We cannot be certain that the fishing gear swallowed by loons actually occurred on Leech Lake. But we should all pull together to be as sure as possible that we are not contributing to the problem.

We will also be posting a sign at the boat launch encouraging cottagers and guests to lend a hand to the preservation of our most valued natural neighbor.

Some other interesting loon facts:

• There are an estimated 65,000 pairs of loons in Ontario

• Loons can dive to a depth of 70 meters and remain submerged for up to 3 minutes

• An average dive is 40-45 seconds and 5 meters in depth

• Nesting takes place in May & June

• A productive nest will have 2 eggs taking 28 days to incubate

• Chicks emerge from the egg ready to swim within an hour

• Less than 50% of lakes produce young loons each year

• 25% of loon mortality in breeding season are caused by fishing weights (MNR)

• Loons can live up to 30 years

• Average wingspan is 1.2 meters

• Average length is 80 cm’s

• Males, on average weigh 5.5 kg’s / females about 4.5 kg’s on average

• Nesting pairs take turns on the eggs

• In winter, loons turn a dull grey colour

• A loon will put its head down in water and flatten body to signal that intruders are too close to the nest

• A penguin type dance on the water indicates you are too close

• A startled loon may accidentally kick eggs out of nest

• Loons begin to gather in small groups prior to fall migration. Loons which did not breed gather first

• Migration is actually done singularly or in small groups rather than flocks

• Adults migrate first leaving youngster to fly south on their own

• Loons are protected by the Migratory Bird Act(U.S)

• Unattached loons may visit a lake with a territorial pair 2-5 times / day

• Regular evictions of territorial males or females apparently occur

• Lakes which have produced chicks are highly attractive to “floaters”

• 1/3rd of fights between males result in death and can last up to 45 minutes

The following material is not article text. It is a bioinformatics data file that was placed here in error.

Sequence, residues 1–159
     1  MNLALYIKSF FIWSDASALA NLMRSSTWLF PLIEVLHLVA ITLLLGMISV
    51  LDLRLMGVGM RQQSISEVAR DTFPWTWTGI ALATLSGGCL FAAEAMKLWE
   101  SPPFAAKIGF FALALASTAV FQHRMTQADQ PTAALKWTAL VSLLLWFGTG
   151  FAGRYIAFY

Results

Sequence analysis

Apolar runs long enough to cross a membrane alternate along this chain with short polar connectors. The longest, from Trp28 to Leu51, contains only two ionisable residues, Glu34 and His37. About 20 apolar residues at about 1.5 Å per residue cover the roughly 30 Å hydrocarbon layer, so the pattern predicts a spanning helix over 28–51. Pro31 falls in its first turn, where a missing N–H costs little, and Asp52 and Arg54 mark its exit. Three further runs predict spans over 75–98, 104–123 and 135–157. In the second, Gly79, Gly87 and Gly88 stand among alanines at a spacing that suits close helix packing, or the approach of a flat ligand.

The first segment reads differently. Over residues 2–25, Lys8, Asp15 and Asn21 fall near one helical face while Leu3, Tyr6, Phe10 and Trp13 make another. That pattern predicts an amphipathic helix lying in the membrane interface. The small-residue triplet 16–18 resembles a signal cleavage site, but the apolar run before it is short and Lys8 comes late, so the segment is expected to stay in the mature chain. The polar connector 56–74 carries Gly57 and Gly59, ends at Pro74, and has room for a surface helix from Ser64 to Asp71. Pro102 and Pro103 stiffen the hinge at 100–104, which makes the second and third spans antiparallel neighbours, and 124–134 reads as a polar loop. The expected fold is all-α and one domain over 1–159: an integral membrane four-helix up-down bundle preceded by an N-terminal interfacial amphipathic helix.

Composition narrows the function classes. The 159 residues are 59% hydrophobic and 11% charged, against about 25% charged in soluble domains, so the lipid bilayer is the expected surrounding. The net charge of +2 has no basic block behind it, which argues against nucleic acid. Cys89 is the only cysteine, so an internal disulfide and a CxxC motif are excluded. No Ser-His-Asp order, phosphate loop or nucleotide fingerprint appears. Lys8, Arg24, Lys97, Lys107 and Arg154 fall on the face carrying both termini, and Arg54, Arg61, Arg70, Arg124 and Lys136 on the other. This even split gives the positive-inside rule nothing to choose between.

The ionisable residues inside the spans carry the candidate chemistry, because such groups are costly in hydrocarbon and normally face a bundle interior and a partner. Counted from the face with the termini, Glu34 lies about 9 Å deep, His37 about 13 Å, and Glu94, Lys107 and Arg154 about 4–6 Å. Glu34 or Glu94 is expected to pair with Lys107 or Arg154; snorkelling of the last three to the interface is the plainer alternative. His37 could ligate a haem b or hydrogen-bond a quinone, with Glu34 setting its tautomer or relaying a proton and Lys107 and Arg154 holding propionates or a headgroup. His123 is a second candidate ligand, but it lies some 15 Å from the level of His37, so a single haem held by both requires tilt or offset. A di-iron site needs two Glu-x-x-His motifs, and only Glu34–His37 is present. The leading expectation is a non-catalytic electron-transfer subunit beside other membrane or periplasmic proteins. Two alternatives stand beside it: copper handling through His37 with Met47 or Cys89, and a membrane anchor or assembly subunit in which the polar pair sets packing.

• Loon beaks are powerful and can pierce the breast of an opponent

• If a nesting site is unsuccessful a new site will be chosen by the male

• Young adults of 3-4 years of age will almost always try to establish territory on vacant lakes

• The loon “hoot” acknowledges contact as loons approach one another

• The tremolo is a danger or distress signal to move to safety

• The “yodel” is done by males and is a territorial signal

• The “wail” indicates a willingness to interact, somewhat like a wolf call

• A pair of adults with two youngsters require an astounding ton of food during the nesting season

• Loons will sometimes spend up to 10 minutes orienting a caught fish to be swallowed head first

• Eggs weigh around 3.5% of the females’ body weight and require the exertion of a tremendous amount of energy. All the more reason to stay clear so they do not have to be concerned about intruders

• Eggs are laid up to 3 days apart because of the amount of energy it consumes

Follow Up on Our Loons

We have good news X 2

You know all about good news / bad news.  We have good news and even better news to report.

At least 2 adult loons have been spotted on Leech Lake as of the end of April.  Everyone we have spoken with believes that at least one of these loons is new to the lake.  There was apparently a territorial battle in mid April and it certainly appears that the new male on the lake is quite virile.  Watch for him displaying on the Lake when you are at the cottage.  He is a magnificent specimen.

This is a natural process of renewal.  An older male dies off and is replaced by a stronger one.

That’s the good news!

Even Better News

The even better news (at least for us geeks who worry about this kind of thing), is that new loons on the Lake will continue to occupy their role in maintaining the balance in the food web on the Lake. 

As we pointed out in the earlier report on loon deaths on the lake, loons consume an astounding amount of fish during the summer season.  A summer without loons, or fewer loons, on the lake could have resulted in a dramatic change in the entire food web.  That is, the number of fish in the lake competing for available nutrition would have gotten out of balance.  That would have had an impact on fish which are the top feeders in the Lake’s food system. 

Loons are a big part of maintaining the natural balance in the food system in the lake.  With new loons on the Lake, thankfully, that should not happen.

Report by: Shirley Rolin